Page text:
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So I'm having bad symptoms again and have decided I have to have some sort of test done even though I can't afford it at all. I think I will go with York labs but I'm wondering about them using IgG rather than IgA or IgE, which are more common in the GI. Has anyone read anything about this?

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I don't know the answer to your question. I did an allergy test at York labs this winter though, and was not thrilled. It took over 2 months to get results back and I've yet to have anyone help with the "one year of free support" of getting answers to my questions.

Let me know if you find somewhere better. I'd like to know. :) Thanks,

Merika

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Here is what York labs said:

From: "York Nutritional Laboratories, Inc." <info@yorkallergyusa.com> Add to Address Book

To: "'Melanie'" <fairybug02@yahoo.com>

Subject: RE: IgG vs IgE and IgA

Date: Fri, 11 Feb 2005 17:00:34 -0500

"York Nutritional Laboratories; Uses the well-regarded ELISA test."

- The Wall Street Journal, Friday, October 26, 2001 -

Dear Melanie:

Greetings and thank you for your inquiry in to the foodSCAN IgG ELISA

Food

Intolerance Test... the first and most comprehensive food intolerance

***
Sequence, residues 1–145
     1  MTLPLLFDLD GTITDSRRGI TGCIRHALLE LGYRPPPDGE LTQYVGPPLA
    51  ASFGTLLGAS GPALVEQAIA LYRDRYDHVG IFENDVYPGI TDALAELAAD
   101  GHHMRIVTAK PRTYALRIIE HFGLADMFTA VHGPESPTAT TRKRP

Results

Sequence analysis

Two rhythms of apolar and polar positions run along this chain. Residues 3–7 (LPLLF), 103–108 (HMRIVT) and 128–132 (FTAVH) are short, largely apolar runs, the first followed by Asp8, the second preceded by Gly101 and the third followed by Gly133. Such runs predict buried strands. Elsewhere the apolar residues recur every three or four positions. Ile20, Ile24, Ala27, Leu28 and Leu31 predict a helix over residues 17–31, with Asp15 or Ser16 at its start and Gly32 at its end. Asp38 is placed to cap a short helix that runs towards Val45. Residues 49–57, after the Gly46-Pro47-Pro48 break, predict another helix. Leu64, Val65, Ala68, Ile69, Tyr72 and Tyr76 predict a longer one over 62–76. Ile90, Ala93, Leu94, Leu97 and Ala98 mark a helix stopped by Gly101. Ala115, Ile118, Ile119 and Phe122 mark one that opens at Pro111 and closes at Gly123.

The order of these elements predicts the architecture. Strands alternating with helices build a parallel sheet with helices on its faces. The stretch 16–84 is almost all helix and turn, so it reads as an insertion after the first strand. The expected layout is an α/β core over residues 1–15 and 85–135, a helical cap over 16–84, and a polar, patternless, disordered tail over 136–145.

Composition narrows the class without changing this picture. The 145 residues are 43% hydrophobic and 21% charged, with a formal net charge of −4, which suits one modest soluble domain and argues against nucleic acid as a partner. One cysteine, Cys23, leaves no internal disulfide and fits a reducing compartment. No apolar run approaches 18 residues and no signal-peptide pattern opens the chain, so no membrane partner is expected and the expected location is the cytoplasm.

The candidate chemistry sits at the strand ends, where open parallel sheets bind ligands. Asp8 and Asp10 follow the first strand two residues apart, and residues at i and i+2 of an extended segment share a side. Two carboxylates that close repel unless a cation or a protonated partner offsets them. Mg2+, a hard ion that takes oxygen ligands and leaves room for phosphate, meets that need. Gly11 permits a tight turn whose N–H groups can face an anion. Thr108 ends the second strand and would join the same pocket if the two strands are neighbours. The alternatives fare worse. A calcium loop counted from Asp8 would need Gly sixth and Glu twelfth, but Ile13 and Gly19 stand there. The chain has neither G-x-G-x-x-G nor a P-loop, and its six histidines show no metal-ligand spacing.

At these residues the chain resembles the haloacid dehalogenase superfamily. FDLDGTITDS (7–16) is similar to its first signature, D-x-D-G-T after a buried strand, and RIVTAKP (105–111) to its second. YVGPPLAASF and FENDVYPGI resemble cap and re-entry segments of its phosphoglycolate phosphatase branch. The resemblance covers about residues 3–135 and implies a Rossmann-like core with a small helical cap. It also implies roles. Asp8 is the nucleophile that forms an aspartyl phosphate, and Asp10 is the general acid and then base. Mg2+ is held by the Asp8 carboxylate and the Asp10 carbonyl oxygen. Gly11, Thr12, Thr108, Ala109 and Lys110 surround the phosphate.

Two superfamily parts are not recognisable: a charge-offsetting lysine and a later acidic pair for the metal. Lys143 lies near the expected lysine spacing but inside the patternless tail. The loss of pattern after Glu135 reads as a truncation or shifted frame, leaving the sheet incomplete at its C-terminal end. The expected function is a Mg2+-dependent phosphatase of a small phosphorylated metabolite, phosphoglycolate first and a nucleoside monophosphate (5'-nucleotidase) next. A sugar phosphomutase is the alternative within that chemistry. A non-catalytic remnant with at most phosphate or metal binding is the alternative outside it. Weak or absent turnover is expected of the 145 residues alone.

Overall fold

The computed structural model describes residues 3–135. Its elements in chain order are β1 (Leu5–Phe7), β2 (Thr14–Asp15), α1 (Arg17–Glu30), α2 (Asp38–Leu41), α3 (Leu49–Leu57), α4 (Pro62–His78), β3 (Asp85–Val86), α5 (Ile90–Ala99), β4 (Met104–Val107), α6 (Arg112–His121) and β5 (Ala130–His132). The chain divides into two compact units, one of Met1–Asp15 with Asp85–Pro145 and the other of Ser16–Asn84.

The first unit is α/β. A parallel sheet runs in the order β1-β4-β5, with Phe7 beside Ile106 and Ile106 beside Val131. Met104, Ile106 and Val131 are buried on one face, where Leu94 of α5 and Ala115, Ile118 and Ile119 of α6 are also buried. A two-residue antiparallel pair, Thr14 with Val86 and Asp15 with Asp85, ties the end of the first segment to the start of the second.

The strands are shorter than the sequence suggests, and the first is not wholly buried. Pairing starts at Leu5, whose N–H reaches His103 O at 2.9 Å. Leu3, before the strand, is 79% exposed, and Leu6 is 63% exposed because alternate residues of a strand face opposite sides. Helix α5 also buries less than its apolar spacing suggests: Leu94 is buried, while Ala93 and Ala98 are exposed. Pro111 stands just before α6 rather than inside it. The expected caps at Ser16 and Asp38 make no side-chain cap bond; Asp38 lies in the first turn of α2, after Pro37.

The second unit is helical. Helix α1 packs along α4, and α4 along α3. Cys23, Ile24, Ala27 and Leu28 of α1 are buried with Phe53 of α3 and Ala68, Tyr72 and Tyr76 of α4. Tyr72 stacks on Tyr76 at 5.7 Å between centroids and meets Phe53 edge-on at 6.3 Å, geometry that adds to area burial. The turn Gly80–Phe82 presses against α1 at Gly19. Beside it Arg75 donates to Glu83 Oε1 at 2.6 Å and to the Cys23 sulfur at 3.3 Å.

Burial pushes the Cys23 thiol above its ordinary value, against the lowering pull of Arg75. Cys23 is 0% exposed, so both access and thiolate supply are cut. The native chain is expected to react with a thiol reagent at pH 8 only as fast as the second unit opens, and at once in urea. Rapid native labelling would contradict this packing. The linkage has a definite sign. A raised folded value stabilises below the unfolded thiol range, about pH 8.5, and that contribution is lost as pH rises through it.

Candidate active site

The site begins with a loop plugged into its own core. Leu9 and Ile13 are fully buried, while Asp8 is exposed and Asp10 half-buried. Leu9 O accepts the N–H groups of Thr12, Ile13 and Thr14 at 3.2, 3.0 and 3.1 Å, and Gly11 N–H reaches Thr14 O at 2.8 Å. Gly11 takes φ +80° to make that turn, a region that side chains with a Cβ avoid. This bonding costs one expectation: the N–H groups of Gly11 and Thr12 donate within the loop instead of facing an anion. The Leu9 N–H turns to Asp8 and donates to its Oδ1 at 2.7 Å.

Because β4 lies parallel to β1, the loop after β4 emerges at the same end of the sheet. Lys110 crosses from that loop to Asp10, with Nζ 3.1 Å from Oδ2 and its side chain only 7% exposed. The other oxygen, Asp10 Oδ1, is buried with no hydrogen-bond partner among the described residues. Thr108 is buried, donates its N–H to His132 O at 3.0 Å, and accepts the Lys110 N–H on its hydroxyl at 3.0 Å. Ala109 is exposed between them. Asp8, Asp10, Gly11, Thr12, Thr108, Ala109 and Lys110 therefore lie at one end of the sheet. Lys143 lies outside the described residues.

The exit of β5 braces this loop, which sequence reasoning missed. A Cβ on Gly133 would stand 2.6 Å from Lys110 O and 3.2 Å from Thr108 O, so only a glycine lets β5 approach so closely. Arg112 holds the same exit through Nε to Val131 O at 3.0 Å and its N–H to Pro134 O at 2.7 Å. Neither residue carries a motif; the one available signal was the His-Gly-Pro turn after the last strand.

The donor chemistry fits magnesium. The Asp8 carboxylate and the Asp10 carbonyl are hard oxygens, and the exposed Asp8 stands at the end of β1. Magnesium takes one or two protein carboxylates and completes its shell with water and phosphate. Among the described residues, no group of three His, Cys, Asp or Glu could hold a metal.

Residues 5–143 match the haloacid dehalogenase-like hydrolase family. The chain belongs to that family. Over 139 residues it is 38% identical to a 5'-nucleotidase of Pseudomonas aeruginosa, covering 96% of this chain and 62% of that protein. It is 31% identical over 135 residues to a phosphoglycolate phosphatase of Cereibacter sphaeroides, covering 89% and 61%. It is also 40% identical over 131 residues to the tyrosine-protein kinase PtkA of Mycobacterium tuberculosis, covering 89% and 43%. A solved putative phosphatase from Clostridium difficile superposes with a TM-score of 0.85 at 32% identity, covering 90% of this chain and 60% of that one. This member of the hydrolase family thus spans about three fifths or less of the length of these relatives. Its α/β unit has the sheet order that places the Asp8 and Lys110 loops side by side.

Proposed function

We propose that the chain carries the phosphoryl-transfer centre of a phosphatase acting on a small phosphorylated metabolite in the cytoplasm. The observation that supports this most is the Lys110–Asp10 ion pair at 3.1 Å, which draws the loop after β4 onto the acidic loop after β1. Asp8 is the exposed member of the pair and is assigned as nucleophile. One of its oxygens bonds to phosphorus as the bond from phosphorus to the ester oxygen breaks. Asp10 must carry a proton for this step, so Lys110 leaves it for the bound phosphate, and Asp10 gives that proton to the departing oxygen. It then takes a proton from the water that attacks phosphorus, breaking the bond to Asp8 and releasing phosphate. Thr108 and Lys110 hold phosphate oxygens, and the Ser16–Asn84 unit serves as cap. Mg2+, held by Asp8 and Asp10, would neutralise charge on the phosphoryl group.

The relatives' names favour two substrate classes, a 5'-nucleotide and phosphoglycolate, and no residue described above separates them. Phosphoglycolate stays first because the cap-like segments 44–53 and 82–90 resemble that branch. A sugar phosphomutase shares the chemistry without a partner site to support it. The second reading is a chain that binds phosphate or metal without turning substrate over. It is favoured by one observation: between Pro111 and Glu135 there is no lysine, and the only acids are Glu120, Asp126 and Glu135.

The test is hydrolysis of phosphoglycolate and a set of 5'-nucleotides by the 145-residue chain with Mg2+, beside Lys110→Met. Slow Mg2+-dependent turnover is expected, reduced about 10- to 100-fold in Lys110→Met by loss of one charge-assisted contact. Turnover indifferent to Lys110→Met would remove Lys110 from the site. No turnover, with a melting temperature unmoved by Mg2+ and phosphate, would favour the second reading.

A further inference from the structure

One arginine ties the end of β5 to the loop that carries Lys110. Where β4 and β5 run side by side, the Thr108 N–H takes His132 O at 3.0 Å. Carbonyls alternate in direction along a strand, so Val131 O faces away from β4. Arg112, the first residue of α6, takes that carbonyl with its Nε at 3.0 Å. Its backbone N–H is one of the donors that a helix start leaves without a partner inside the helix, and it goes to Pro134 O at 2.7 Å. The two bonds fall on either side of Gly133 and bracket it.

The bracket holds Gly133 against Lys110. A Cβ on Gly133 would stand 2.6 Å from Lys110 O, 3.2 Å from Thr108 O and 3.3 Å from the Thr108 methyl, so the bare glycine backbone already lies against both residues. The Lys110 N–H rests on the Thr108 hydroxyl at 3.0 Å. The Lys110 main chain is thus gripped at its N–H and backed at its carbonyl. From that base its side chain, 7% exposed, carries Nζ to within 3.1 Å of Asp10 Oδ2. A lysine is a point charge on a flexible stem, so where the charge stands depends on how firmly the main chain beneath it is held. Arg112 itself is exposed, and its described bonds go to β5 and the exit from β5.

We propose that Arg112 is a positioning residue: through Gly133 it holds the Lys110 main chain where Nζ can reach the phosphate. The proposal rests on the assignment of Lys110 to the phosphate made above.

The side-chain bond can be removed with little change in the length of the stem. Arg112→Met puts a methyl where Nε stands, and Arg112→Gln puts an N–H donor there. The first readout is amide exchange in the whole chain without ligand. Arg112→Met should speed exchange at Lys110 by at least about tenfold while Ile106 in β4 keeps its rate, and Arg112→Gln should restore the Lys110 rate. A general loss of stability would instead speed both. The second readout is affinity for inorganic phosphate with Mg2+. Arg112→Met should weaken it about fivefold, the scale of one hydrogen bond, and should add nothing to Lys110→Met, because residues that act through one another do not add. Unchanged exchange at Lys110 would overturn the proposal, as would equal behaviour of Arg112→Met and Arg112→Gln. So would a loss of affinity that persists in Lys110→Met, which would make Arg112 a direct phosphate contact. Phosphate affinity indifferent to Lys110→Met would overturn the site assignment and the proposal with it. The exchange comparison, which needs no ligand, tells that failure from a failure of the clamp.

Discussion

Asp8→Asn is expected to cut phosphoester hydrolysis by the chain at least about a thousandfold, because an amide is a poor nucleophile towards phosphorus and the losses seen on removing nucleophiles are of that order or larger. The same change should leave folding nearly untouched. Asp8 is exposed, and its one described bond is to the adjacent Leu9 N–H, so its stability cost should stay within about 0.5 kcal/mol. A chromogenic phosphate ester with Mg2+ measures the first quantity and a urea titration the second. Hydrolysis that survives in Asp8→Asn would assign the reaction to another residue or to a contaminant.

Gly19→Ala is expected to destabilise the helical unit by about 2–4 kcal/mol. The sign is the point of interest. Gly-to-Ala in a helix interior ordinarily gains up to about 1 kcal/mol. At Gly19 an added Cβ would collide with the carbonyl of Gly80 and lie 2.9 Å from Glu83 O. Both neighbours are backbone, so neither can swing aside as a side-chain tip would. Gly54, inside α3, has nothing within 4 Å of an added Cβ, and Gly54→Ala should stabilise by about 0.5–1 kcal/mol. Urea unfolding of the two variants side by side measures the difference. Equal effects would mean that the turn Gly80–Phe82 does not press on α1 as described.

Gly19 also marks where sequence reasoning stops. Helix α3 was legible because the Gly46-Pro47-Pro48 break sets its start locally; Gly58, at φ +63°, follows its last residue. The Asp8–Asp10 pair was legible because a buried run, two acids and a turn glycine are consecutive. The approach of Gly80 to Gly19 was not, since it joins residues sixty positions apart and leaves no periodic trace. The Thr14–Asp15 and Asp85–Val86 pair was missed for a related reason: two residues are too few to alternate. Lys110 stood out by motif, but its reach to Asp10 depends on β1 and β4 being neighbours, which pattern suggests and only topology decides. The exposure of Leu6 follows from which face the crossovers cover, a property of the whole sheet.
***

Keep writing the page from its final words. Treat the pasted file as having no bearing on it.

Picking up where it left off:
test

which does not require a blood draw!

When it comes to food allergy, there are basically two types:

* Immediate Food Allergy (Classic, Immediate-Onset, IgE-Mediated):

This

allergic reaction to foods involves the Immunoglobulin E (IgE) antibody

and

also involves MAST cells. It is the most understood, but least

occurring

immune response to foods. It only occurs in less than 2-3% of adults

and

less than 5% of children. The reaction time occurs anywhere from

seconds to

up to 2 hours and typically affects the skin, airways or the digestive

system. The most commonly known response is anaphylaxis, which can

result

in death. This type of food allergy is typically tested in a doctor's

office by means of a skin "scratch" test. Additionally, it only takes

a

single food to cause a reaction and it is typically a food that is

rarely

eaten.

* Hidden Food Allergy (Food Intolerance, Delayed-Onset, IgG-Mediated):

This

allergic reaction to foods involves the Immunoglobulin G (IgG) antibody

and

DOES NOT involve MAST cells. It is the lesser understood, but most

common

immune response to foods. It occurs in anywhere from 45-60% of the

general

population and affects children and adults equally. The reaction time

occurs anywhere from a couple of hours up to 2-3 days after consumption

of

the food. Any system, tissue and organ in the body can be affected and

there are over 118 medical conditions/symptoms that are either caused

and/or

provoked by this type of allergic response to foods including, but not

limited to, arthritis, weight gain, fatigue, high blood pressure,

arthritis,

Celiac Disease, sinus conditions, asthma and various digestive

disorders.

Conventional skin "scratch" testing is incapable of detecting this type

of

food allergy. Even more intriguing is that both a single food and a

combination of foods can cause a reaction and it is usually with foods

that

are regularly eaten.

Merika, that is odd that you haven't had a good experience with them. Most everyone who has posted on here have said they have been very helpful. I hope it gets better. Were you ok with the results you got?

There is another place that does something similar and charge $525 for the test. I have to think of the name though. I'll let you know. Melanie

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